The bulk transfer of power is mostly a passive affair, where the power flows to the load by the lowest impedance path. To influence this flow, the phase angle of the sending or receiving end must be modified – this may be done by the use of Phase Shifting Transformers. The phase shifting transformer introduces a circulating current into the system which acts to either reduce (when operating in buck mode) or increase (when operating in boost mode) the load current in the line where the phase shifting transformer is located.
The actual phase shift is achieved by the interconnection of two phases of the star-connected regulating windings across one phase of the delta connected “booster” winding. By on-load tap changing, the magnitude and polarity of the phase shift can be modified, which in turn determines the circulating current in the system. For lower power ratings the two active parts may be placed in a single tank.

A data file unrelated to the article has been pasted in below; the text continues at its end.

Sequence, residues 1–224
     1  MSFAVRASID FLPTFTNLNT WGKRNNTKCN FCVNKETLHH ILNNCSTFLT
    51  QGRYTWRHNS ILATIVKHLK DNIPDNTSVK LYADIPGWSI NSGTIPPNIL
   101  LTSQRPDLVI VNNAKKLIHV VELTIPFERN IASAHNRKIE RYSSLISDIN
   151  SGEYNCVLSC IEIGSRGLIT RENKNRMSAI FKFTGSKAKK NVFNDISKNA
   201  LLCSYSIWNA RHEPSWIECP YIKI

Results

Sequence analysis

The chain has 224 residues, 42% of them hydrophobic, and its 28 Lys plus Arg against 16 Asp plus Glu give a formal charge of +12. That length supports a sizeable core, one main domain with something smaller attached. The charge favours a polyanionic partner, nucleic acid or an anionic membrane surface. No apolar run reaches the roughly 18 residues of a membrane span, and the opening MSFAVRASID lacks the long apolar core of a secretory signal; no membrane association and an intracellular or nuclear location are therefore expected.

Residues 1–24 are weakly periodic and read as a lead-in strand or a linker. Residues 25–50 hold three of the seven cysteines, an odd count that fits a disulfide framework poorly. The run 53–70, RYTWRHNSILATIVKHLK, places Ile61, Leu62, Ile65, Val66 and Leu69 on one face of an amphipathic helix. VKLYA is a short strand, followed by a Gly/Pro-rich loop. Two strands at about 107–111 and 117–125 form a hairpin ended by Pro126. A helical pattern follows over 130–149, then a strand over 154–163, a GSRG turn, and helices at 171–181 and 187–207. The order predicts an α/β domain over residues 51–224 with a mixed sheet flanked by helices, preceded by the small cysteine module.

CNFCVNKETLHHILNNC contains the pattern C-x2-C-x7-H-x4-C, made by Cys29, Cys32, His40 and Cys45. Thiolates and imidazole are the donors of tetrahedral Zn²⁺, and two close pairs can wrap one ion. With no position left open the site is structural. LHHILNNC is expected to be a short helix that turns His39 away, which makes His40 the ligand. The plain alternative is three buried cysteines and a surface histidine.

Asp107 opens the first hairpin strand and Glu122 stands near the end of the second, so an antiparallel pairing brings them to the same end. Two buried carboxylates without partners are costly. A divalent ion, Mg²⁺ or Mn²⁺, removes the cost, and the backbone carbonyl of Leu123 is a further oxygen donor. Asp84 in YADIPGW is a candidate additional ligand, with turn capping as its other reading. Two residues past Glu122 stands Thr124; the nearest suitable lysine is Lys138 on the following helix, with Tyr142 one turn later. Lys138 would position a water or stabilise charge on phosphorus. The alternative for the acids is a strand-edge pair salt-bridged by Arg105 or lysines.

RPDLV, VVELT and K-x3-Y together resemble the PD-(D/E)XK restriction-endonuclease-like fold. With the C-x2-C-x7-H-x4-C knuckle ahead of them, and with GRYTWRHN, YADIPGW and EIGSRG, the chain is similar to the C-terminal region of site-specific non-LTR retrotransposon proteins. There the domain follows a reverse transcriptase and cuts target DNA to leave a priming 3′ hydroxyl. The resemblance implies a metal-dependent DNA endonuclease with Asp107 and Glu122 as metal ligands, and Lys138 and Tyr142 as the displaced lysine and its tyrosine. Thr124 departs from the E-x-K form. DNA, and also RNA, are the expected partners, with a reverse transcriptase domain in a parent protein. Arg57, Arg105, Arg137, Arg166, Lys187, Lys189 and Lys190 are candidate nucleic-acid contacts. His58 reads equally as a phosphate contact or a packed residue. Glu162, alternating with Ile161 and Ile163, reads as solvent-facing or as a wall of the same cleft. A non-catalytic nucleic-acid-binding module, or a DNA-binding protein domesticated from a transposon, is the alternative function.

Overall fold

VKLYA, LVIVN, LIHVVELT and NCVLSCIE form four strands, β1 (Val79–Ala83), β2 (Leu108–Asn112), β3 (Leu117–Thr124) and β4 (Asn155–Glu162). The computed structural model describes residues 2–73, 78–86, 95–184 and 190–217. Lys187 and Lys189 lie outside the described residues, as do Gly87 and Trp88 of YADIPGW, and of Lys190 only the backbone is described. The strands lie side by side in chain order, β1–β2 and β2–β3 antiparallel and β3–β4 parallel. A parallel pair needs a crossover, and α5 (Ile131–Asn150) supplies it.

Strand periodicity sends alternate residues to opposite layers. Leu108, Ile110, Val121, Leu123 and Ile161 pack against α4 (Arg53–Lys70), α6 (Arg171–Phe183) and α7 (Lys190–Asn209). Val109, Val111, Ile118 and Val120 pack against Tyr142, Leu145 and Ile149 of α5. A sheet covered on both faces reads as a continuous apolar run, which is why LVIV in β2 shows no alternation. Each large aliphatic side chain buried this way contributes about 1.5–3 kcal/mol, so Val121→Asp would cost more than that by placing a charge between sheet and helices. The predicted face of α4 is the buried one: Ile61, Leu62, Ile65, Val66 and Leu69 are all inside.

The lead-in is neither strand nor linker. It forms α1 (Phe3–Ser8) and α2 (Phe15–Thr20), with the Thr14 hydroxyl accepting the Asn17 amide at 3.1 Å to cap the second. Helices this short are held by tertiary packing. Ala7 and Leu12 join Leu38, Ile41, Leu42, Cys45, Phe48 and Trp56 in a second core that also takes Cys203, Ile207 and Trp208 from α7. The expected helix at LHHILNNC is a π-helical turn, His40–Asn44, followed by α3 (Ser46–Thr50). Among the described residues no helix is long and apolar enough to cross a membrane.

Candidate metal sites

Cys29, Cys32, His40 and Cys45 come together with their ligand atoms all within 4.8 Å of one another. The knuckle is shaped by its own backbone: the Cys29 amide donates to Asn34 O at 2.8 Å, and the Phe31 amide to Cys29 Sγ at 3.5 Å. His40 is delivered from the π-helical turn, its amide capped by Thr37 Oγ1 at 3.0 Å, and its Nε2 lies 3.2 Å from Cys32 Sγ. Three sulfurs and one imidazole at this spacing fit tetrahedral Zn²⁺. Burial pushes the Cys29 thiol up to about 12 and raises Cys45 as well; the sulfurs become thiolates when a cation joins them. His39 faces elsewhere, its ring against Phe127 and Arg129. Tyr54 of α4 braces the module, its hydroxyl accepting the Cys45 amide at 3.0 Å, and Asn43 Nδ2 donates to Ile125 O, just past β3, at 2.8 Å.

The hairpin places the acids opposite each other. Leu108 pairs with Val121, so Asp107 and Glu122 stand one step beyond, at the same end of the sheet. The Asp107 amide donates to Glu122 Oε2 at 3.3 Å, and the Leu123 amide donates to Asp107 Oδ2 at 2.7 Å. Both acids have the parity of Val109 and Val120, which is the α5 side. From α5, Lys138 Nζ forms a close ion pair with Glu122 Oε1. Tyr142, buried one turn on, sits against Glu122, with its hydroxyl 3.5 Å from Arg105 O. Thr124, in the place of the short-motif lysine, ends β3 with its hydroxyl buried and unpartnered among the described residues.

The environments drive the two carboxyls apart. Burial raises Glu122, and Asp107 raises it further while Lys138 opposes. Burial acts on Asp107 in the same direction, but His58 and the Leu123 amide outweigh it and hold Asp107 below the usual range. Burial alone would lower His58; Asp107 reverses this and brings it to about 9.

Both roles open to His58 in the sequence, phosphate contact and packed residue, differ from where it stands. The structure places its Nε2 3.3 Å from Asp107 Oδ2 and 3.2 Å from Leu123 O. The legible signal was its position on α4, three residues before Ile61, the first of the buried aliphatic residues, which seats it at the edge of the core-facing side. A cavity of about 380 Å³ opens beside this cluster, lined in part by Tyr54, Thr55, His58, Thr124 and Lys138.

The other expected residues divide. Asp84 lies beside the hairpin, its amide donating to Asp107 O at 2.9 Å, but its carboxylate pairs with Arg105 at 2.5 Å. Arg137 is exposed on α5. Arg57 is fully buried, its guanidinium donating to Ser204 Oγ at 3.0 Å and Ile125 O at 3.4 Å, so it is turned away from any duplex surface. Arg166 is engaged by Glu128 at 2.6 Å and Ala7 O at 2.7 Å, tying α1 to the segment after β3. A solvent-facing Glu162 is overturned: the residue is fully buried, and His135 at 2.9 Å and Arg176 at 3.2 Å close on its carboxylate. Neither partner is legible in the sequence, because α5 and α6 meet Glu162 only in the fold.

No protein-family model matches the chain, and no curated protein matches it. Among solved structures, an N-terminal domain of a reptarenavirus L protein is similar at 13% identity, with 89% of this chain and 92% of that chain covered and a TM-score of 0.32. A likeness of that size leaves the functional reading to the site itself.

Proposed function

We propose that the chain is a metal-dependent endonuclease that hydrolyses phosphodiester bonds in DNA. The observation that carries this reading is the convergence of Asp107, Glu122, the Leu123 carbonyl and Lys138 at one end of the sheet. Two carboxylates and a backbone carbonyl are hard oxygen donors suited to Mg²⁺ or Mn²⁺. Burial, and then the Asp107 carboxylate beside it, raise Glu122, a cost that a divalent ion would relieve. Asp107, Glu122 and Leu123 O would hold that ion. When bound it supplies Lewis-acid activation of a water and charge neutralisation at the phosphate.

However, in higher power phase shifting transformers, the two active parts (the exciter and booster transformers) are mounted in separate tanks and the two active parts are connected together. This connection between the exciter and booster transformers is done at full system voltage and must normally be done inside oil-filled trunking, to guard against the risk of a damaging internal short circuit occurring.
Royal SMIT has excellent experience of large phase shifting transformers, including the capability to analyse the complex transient voltages that may occur during external switching or lightning events.